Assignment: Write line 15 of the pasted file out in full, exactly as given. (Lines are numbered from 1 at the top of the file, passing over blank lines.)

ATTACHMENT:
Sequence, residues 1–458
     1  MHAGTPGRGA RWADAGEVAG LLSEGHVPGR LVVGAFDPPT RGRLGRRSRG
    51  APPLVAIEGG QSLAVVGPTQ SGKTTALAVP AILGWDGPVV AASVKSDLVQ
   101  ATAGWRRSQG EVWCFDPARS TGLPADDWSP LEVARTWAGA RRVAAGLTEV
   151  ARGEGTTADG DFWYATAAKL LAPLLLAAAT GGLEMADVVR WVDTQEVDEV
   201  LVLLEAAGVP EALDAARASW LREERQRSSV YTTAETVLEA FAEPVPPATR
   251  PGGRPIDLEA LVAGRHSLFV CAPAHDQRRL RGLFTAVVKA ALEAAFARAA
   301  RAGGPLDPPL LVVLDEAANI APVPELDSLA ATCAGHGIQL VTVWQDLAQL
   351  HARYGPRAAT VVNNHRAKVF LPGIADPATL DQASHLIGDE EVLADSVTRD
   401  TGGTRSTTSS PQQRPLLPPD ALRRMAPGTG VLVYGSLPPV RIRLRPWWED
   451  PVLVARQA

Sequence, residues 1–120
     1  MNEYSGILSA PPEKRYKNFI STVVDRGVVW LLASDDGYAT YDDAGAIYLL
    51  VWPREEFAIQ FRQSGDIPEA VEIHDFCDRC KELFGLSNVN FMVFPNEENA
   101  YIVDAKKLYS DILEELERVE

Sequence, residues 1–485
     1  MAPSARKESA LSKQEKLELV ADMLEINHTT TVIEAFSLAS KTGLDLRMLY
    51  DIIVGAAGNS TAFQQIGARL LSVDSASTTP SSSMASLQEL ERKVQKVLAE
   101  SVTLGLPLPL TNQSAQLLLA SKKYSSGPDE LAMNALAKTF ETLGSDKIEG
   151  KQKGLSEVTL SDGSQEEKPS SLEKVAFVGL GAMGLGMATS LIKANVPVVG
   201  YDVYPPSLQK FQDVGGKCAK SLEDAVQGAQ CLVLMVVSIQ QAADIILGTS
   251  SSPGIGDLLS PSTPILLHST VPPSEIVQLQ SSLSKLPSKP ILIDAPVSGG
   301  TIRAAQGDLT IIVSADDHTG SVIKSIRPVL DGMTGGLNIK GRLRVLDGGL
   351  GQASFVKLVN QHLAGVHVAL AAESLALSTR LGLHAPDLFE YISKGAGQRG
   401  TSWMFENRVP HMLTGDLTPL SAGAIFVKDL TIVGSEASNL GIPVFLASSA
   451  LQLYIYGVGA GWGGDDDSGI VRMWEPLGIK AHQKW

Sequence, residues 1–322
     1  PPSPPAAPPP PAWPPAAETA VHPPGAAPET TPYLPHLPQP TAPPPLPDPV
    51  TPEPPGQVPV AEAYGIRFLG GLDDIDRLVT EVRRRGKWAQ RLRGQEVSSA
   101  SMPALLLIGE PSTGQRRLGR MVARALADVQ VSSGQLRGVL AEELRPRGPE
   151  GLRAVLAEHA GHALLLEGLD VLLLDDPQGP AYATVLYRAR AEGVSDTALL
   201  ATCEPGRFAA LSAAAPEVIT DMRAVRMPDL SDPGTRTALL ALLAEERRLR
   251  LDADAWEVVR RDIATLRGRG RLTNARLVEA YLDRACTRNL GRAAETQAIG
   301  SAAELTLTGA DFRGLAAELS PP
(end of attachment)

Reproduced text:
   101  YIVDAKKLYS DILEELERVE